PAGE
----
“Heritage Minerals’ proposal to establish a tailings processing plant on the site is a gamechanger with the potential to process nearly 10 Mt of existing gold ore tailings, recovering an estimated 263,000 oz of gold and 5,600 t of copper.”

Heritage is planning to do this by leveraging the GreenGold Engineering-owned ReCYN resin-based technology, which has been shown on other projects to reduce cyanide consumption by up to 50% through capturing free cyanide from plant tailings and recycling it back into the leach circuit.

Dick says Heritage’s plans include the construction of a new water treatment plant to lower the level of contamination in the open pit, treat all water captured by the site’s seepage interception system, and help meet regulatory requirements for the release of treated water into the Dee River.

“While the Queensland Government’s support for Heritage Minerals’ proposal through our Investment in Queensland program is subject to the project also receiving Commonwealth Government and private sector financial support, our backing is a key step forward,” he said.

Heritage Managing Director, Malcolm Paterson, said the Queensland Government funding would allow preliminary work of the environmental rehabilitation of the old mine site to recover gold and copper from the mine tailings to now get underway to deliver a project with the potential to support jobs for another 100 years.

“The Mount Morgan mine created so much wealth and prosperity and had wide-ranging impacts, including providing the impetus for the establishment of BP (British Petroleum) as well as the Walter and Eliza Hall Institute, Australia’s oldest medical research institute,” he said.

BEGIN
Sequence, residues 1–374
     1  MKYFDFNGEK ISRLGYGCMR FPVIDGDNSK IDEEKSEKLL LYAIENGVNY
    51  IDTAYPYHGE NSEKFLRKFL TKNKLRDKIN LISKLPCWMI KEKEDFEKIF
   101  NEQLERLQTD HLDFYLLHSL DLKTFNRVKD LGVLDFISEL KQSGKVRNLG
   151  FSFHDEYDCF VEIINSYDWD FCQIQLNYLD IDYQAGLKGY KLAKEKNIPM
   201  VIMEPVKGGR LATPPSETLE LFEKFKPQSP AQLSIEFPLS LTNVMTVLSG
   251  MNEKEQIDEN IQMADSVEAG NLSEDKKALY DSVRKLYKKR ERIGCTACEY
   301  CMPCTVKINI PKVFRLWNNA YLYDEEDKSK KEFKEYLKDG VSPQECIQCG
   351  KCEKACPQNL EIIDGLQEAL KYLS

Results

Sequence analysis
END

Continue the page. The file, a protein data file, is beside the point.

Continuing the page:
“During the mine life, about 250 t of gold and 360,000 t of copper were extracted from the mine with about 134 Mt of waste rock and tailings generated. Our project will respect and protect that proud history, and create new jobs and opportunities for the future of Mount Morgan and the broader region.”

Paterson said Heritage has been working closely with the Queensland Government, which has managed the site as an abandoned mine through the Department of Resources, the Australian Government through the Northern Australia Infrastructure Facility and Rockhampton Regional Council on local procurement and job creation.

“All our key permits and approvals, including our environmental authority, are now in place,” he said. “Once we finalise funding and finance approvals with the Australian Government, which we expect within coming weeks, we can commission further preliminary works. These works include an access road, administration buildings and a drain to divert freshwater captured on the site to a freshwater water storage as a new way to lessen acid mine drainage that emanates from the site.

Anglo American to remove steelmaking coal business Scope 2 emissions with Stanwell Corp pact

Anglo American says it has sourced the supply of 100% renewable electricity for its operations in Australia from 2025, agreeing terms for a 10-year partnership with Stanwell Corporation, the
Queensland Government-owned provider of electricity and energy solutions.

The deal will effectively remove all Scope 2 emissions from Anglo American’s steelmaking coal business in Australia from 2025, supporting Anglo American’s progress towards carbon-neutral operations by 2040, it said.

Dan van der Westhuizen, CEO of Anglo American in Australia, said: “Sourcing 100% renewables supply from Stanwell Corporation, linked to two major wind and solar projects in Queensland, is